Call me a maverick, but in my mind the best way to see a game out is to stop the opposition having possession, or get another goal. Now I admit getting another was probably not on the cards, but keeping the ball should have been. These are all pros, and I really think we should expect better. The panic amongst our players began on 75 mins and frankly, the only reason we saw out that game was due to Forest’s lack of confidence rather than any successfully implement tactics ourselves.
Deegan’s an interesting chap. He works so hard, but you can see the panic overcome him when he has time on the ball, and that led to quite a few moments of sloppiness on his part. Oddly, he seems at his best when he doesn’t have quite as much time to think, which was best demonstrated on the left with Hussey, with whom he worked some nice positions through quick one-two’s and instinctive movement. Give that man time to get his head up, and he’ll often spend a week getting the ball under-control. Hopefully with more exposure to the league, he’ll calm down a bit. Had a good game overall though.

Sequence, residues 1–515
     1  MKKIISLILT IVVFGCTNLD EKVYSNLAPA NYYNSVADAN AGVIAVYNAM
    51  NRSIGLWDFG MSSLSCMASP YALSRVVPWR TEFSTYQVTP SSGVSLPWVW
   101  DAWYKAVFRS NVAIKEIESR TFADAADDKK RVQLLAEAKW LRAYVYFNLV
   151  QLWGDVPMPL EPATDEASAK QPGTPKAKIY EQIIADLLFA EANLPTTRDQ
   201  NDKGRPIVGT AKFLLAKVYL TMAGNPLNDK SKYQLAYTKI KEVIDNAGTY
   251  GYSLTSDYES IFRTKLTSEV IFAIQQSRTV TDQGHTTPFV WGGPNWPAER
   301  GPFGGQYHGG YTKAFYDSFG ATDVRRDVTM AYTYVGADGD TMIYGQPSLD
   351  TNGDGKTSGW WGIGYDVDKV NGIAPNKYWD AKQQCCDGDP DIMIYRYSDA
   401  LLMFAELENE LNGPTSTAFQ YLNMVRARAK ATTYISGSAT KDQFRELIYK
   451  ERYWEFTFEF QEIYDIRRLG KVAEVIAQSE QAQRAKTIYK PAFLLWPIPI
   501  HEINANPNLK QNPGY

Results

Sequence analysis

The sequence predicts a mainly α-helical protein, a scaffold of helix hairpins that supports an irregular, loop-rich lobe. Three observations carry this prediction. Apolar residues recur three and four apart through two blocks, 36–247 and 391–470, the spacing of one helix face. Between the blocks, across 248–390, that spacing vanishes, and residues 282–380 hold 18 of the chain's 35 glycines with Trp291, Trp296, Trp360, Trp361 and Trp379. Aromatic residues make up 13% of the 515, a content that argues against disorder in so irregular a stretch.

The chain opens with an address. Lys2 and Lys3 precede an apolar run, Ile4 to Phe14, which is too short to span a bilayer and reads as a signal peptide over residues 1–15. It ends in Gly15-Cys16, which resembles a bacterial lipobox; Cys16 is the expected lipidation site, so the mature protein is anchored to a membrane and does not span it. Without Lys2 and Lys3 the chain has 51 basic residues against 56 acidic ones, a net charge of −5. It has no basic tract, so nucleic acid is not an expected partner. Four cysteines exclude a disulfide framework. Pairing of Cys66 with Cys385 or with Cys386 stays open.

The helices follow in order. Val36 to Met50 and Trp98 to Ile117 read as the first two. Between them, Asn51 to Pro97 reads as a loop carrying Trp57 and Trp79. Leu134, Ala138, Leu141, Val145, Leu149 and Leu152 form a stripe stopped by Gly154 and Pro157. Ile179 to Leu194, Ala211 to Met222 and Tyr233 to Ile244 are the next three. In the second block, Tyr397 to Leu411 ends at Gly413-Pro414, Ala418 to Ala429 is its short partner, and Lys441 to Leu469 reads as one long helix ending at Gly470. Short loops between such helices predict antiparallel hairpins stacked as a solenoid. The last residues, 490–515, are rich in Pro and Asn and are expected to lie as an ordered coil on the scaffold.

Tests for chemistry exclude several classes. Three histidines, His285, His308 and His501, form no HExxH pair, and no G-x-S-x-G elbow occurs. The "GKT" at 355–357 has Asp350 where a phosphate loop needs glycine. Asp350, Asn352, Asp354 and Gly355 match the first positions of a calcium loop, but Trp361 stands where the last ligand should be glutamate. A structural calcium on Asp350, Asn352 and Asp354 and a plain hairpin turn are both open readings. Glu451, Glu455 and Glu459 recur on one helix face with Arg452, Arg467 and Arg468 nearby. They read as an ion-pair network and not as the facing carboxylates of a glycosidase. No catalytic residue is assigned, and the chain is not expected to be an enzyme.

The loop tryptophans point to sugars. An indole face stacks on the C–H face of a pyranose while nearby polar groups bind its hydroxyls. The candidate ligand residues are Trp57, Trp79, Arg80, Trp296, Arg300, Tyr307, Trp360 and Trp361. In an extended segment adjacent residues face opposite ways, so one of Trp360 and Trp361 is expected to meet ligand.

Another worry which I have is the mentality of Cyrus, which I hope is purely down to desperation not to throw away the lead, rather than anything more fundamental in what that sausage Harrison is teaching him. He had another good time of it in the good portions of the match I spoke about, but there was a bit too much aimlessness about his final 20 minutes which I do hope wasn’t encouraged by the coaching team. It’ll ruin his progress as a player if that style of play becomes the norm for him. We don’t want to Coventry-ify him.